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After screening tenants and finding a trustworthy and qualified renter, landlords will have to come up with the terms for renting out the home.

Those terms will often be spelled out in a lease agreement.

“Some people don’t have a lease agreement in writing,” said Michael Lucarelli, CEO of RentSpree. “Even when I actually first moved to L.A. my landlord didn’t even have a lease agreement in place. He wanted to have a handshake deal.”

“You need something in writing,” he added. 

That raises the question of what should be included in the terms. Here are five tips for what landlords should include in a rental lease agreement.

Start with the basics 

Lucarelli said landlords should start with the basics.

“You need a start date, a security deposit outlined, the rent payment,” he said, “any information about rent payment increases.”

There are numerous examples of lease templates that landlords can use that will likely have placeholders covering the need-to-have basics, Lucarelli said.

Outline future rent increases 

Landlords may want to consider spelling out future increases in monthly rent in the lease. If that’s the case, landlords should be aware of what state and local laws allow, Lucarelli said.

“Anything that’s outlined about rent increases that are compliant pursuant to local laws,” he said. “If there’s rent control you need to take that into account as well.”

That could put landlords at risk of baking in a rent increase that is lower than changes in the market. Rent was 8.5 percent higher in March 2023 than in March 2022 in Boston, according to Zillow. A landlord might be leaving money on the table if a tenant already agreed to a 5 percent increase for a lease that renewed the same month.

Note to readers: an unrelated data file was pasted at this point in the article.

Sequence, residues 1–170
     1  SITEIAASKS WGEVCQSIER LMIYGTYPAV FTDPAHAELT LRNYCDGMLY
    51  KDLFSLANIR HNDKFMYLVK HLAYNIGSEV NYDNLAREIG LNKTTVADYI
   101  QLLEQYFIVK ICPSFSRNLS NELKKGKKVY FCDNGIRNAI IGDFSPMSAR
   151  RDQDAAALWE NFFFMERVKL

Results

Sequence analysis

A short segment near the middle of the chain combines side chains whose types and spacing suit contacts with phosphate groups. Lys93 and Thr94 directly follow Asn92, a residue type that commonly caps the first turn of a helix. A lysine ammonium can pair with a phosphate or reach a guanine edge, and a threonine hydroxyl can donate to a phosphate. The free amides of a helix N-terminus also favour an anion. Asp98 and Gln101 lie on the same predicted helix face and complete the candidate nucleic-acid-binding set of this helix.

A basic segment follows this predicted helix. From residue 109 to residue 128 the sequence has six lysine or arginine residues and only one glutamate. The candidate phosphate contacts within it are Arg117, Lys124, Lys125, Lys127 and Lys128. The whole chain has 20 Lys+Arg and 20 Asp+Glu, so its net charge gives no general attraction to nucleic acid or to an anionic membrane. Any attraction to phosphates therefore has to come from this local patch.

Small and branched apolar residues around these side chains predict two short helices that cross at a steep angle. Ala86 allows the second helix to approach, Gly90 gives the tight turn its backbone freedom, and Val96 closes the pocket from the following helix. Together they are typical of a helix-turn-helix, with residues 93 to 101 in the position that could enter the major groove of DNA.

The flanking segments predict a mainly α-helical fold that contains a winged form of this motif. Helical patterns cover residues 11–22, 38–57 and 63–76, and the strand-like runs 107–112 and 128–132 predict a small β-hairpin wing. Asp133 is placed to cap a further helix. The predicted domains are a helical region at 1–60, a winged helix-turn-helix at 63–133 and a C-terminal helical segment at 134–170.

Who takes care of what?

Landlords and tenants will need to be on the same page about who’s taking care of what.

“A big one is care of the property,” said Nathan Gesner, owner/broker of American West Realty and Management. “Who’s responsible for maintaining the utilities, the landscaping? What maintenance is tenant responsibility versus landlord responsibility?”

Gesner suggested breaking things down and requiring tenants to take care of “consumables,” like light bulbs or batteries for appliances like smoke detectors.

“Also, letting them know that if maintenance is required due to tenant neglect, abuse or misuse, then the tenant may be held liable for that repair,” he added.

Require renters’ insurance 

Gesner and Lucarelli both recommended including a requirement that tenants hold renters’ insurance.

“That can be a way to mitigate your risk as a landlord,” Lucarelli said.

Those policies typically cover things like the renters’ property from theft, damage and injury, so it’s smart for landlords to ensure renters maintain a policy during their lease.

“As soon as they start leasing a property, they’re enrolled in our master insurance policy and it covers all the tenants on the lease,” Gesner said. “If three friends rent together they’re all covered under that one policy.”

Gesner said landlords can require that they be added as an “additional insured” to the policy, which would notify them if a renter cancels a policy after initially showing proof that they obtained one.

Spell out severable liability

Gesner also recommended that a lease includes a clause that ensures that if one of several renters in a home fails to pay or maintain a property, the others on the lease are responsible. It’s known as “severable liability.”

“That’s the clause used to explain that each individual named on the lease is 100 percent liable for the terms,” Gesner said. “The landlord is legally allowed to go after all three individuals.

So everybody is 100 percent liable for all terms, not just a portion of the terms.”

Email Taylor Anderson

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